— W. Crouse


This series will review Max for live devices I really enjoy, here’s the first roundup:


Imperial Grains (need to add screenshots)

Sometimes you just need a simple granulating tool, this one lets you scan the waveform by a slider which you can then map to a knob or modulate, also using the integrated LFO’s and envelopes in M4L core will help make interesting modulations possible. It works really well with sweepy kind of waveforms. The ‘Glue’ knob is quite handy.

FMbox 1.03

A simple FM synth with an integrated steq sequencer that you can target 2 different parameters with, one can make some ridiculously good techno patterns with this device

PUSH SkinnerBox 1.0

The synth modules that were included in the Skinnerbox instrument/sequencer combo that came out around the time max for live was introduced, these are tremendously fun to sequence with push and use the new parameter step sequencing features.

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These racks we’re essential when I first started understanding the rack system that came out. Tarkerith’s racks are great ways to get some ideas on how to create some great effects by stacking everything up. Now updated for Live 9.

Tarekith DJ EFX Racks version 9.

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Getting into Eurorack modular seems pretty hard at first, and at the outset expensive. I’ve been planning a eurorack setup for a very long time (about 3 years). Tons of research; folders and folders of saved links about building my own case etc.

So by happenstance on a local forum I frequent someone happened to be selling an microZeus powersupply from tiptop audio.

This is a great way to get started, well it was cheap, so I thought I’d pick it up. Next I picked up an Ikea RAST there’s been a wealth of 19″ racks built with this setup. Next an order was placed for Z-Rails from AnalogHaven.

Now I’m merely awaiting my rails to arrive, while I’m waiting I’m on modulargrid and the wiggler like a fiend. I think I’ve decided on this though:

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Once again I find myself at a loss for time, with a lot to do.

I rambled about my workflow a few posts ago and there hasn’t been a lot of change. Today I sat down determined to mine my track folders to find something to ‘finish’. Nothing really jumped out at me and with the APC now I have a need to begin integrating it into my setup. So in the process of figuring out the macro knob banking I began creating an operator kick drum rack system (another one, you say). I created some other synth percussion tools at the same time. Then it hit me, boy do I spend a lot of time focusing on creating my own sounds, not that that is a bad thing. Thing is though, I spend that time but there’s nothing to show except more tools for later.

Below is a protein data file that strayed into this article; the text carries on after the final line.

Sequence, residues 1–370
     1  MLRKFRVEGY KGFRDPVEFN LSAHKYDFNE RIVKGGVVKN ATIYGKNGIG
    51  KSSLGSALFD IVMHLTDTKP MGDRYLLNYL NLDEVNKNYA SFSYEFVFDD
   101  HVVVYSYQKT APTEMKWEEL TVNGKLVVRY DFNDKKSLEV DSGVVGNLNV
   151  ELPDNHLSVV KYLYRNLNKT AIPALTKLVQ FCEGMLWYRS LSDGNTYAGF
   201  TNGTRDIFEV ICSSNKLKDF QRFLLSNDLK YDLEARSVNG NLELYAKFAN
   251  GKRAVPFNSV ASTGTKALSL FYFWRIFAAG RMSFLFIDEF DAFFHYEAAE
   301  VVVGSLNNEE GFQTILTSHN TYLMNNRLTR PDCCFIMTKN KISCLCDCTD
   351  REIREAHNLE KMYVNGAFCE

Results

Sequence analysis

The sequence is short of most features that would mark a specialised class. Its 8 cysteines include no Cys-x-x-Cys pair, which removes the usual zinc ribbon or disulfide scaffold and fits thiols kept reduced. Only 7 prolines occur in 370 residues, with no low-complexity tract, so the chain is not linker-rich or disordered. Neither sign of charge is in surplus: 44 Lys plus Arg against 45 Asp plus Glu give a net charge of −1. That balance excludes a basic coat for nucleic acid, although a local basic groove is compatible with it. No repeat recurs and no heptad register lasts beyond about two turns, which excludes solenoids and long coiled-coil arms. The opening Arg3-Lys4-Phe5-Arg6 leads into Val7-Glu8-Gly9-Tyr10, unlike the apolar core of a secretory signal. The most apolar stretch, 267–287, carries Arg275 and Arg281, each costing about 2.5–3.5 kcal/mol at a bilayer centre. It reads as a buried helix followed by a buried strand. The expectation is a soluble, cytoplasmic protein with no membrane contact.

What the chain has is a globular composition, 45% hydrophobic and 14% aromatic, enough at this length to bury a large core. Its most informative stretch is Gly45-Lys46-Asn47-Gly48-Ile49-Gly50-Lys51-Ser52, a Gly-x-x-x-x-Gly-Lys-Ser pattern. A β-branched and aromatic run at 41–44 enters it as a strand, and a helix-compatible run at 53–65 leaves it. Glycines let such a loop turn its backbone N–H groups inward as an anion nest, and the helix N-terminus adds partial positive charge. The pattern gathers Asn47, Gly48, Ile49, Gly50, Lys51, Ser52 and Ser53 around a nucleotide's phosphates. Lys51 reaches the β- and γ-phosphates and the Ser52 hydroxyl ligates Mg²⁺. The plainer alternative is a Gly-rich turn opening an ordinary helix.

I’m determined to optimize my workflow. To that end I have decided to focus on sketching tracks out, using whatever sounds ‘good enough’ this will be a multi step process.

  1. Play with quick rough sounds to get a groove/chord prog/bassline I am fond of.
  2. Quickly sketch an arrangement around it with a basic drum kit.
  3. Put it away. Write something about it down on a notecard.
  4. If I’m feeling particularly inspired start at step 1 with another fresh session.
  5. One day a week, grab a notecard, finish the track by redesigning all the sounds and rough mastering.

If this goes well you should see some fresh tracks coming in.

I’ve decided to abandon my work on creating an APC40 and Reaktor tool for live stuff for now, I am going to see about assigning some of the notes to step sequencers though, maybe I can send midi out to get the feedback. Just trying not to obsess about it.

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So I played a show this weekend at the Hexagon, for More or Less’ Labor Day cookout extravaganza on Sunday. I’ll post some pics when I get them uploaded.

Saturday I picked up an APC40 Guitar Center was having a good labor day sale, it was a somewhat impulse buy. I’d been turning over the idea of picking one up for a while, but when I had the opportunity to take $50 off I was all for it. This device is really nice, what makes it nicer are the efforts that some have made to create a way for it transmit OSC to use with Max/MSP and other patches.

Currently I’ve used 64step (which I attempted to use for a live jam on Sunday), and MLR. Today I got the Reaktor patches created by kid Sputnik to work. This excites me because I’d like to figure out how to just use midi in Reaktor so I have access to all the knobs. Stay tuned.